So what what you're saying is: rather than be nice sometimes and nasty at others, it's better to be consistently nasty. And that's true, from the perspective of a user who just wants to be able to figure something out once, get used to it, and not have to keep re-figuring it out every time he loads a different application. Microsoft has their Common Controls libraries for things like file and print selectors: they aren't an optimal solution in my opinion but they work, people are familiar with them, and I
  • by Ars-Fartsica ( 166957 ) on Saturday November 27, 2004 @02:06PM (#10931799)
    Microsoft has essentially turned into a replacement parts business for Windows and Office - adoption of new PCs at home and at work has normalized, new business is flat. Many of their new ventures are flat, ROI negative, or true money losers.

    Having a drop-in replacement for Office is critical to attacking their core replacement parts business.

    Kudos by the way to AbiWord and Gnumeric, two excellent programs that are native GNOME apps today.

    • Hmm. As long as oowriter and abiword can interchange files, and oocalc and gnumeric can interchange files, then freedom from (MS) vendor lock-in is a real possibility.

      Do abiword and gnumeric read/write .sxw and .sxc files? The formats are open so there's no reason why not.

      I think all three, OOo, abiword and gnumeric are important, but it would be better still if they all share an open document format.

      Just some random thoughts.
  • Aqua on Mac OS X (Score:5, Interesting)

    by HeelToe ( 615905 ) on Saturday November 27, 2004 @02:08PM (#10931807) Homepage
    Oh please, let's do this for Mac OS X!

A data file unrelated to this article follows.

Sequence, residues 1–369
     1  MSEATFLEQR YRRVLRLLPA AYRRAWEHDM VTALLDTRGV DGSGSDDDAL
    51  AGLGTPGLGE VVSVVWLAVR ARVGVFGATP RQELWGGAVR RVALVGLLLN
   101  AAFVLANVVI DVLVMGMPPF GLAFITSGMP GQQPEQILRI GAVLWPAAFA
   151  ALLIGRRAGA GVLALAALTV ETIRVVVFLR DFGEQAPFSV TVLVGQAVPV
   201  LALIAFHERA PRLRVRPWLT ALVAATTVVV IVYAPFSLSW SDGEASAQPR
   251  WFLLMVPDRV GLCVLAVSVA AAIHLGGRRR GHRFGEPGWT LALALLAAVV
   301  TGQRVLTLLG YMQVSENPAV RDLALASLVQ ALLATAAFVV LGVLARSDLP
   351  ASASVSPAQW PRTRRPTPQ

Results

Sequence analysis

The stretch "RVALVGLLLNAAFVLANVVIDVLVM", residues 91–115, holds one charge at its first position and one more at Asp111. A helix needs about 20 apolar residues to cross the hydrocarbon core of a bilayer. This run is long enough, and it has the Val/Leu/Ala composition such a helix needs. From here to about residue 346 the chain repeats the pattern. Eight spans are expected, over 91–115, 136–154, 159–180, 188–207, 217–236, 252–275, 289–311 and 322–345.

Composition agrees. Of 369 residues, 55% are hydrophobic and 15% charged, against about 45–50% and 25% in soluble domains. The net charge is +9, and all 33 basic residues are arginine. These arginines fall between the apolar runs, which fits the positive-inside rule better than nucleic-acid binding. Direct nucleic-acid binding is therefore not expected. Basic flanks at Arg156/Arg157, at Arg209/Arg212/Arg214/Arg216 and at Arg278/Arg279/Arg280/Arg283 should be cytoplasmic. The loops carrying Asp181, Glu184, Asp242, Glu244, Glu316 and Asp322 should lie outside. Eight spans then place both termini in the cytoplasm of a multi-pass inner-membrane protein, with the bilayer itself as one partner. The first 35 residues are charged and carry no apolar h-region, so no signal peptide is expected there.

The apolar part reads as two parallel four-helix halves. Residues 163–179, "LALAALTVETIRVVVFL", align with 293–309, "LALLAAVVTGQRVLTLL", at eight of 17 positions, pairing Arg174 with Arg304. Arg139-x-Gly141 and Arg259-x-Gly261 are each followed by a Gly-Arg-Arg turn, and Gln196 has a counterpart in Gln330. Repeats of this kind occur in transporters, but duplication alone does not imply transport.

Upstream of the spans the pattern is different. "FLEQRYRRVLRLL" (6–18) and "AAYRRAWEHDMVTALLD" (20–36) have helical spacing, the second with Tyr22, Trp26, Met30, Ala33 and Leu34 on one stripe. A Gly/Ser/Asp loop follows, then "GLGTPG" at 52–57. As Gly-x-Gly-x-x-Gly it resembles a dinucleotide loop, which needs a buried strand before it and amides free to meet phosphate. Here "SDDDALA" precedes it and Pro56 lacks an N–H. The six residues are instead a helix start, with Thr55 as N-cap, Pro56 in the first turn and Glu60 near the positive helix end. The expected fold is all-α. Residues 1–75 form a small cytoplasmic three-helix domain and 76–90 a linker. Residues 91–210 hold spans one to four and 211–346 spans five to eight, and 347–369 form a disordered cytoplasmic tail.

• Only KDE icons (Score:3, Informative)

    by Xpilot ( 117961 ) on Saturday November 27, 2004 @02:09PM (#10931813) Homepage
    In the link provided, only KDE icons are provided, though GTK+ is used when run in GNOME, and you need the NLD version for the full GNOME look. So the best bet for GNOME-only using folk like me is still the build tool itself [].

  • by Pivot ( 4465 )
    Does this mean I can now get openoffice with JFC/swing widgets instead, to get an all java desktop??
  • by rxmd ( 205533 ) on Saturday November 27, 2004 @02:12PM (#10931831) Homepage
    If OpenOffice can be built with KDE support, does it use Qt for the frontend under KDE?

    Why not use Qt/Aqua on MacOS X instead of the incredibly clumsy X11 interface, then?

  • by twener ( 603089 ) on Saturday November 27, 2004 @02:13PM (#10931843)
  • by oexeo ( 816786 ) on Saturday November 27, 2004 @02:21PM (#10931891)
    I just began developing an GUI-based application for KDE/Gnome, my major obstacle being the window "managers". It goes something like this:

    Developer: OK, put this window here.
    KDE/Kwin: Actually it's better over here.
    Developer: No! I'll need that space later for another window.
    Gnome/MetaCity: I know, I know! How about here?
    Developer: Christ! No not there either.
    Developer: OK, how about you both put it here? that makes sense.
    KDE/Kwin: That's great, but I'll just shift up a bit, and flip your directions horizontally.
    Gnome/MetaCity: Ignore KDE, it's perfect! But I think it would be even more perfect over here.
    Developer: Jesus Christ!

    It's usually possible to get what you want, but often involves hacks, redundant code, and forking.

    I realise this is intentional and in the interests of usability and consistency, but more often than not the it's counter productive to the cause, since frequently a human knows better than a computer when it comes to usability.
    • Re:Window Managers (Score:4, Insightful)

      by SillyNickName4me ( 760022 ) <> on Saturday November 27, 2004 @03:03PM (#10932177) Homepage